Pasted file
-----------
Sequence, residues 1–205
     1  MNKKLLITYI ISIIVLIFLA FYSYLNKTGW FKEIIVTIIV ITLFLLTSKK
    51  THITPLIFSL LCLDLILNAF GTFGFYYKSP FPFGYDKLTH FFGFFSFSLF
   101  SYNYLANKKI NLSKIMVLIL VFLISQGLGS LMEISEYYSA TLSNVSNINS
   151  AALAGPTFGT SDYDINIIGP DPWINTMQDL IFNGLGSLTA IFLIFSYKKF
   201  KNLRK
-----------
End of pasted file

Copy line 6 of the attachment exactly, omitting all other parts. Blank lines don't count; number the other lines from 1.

   201  KNLRK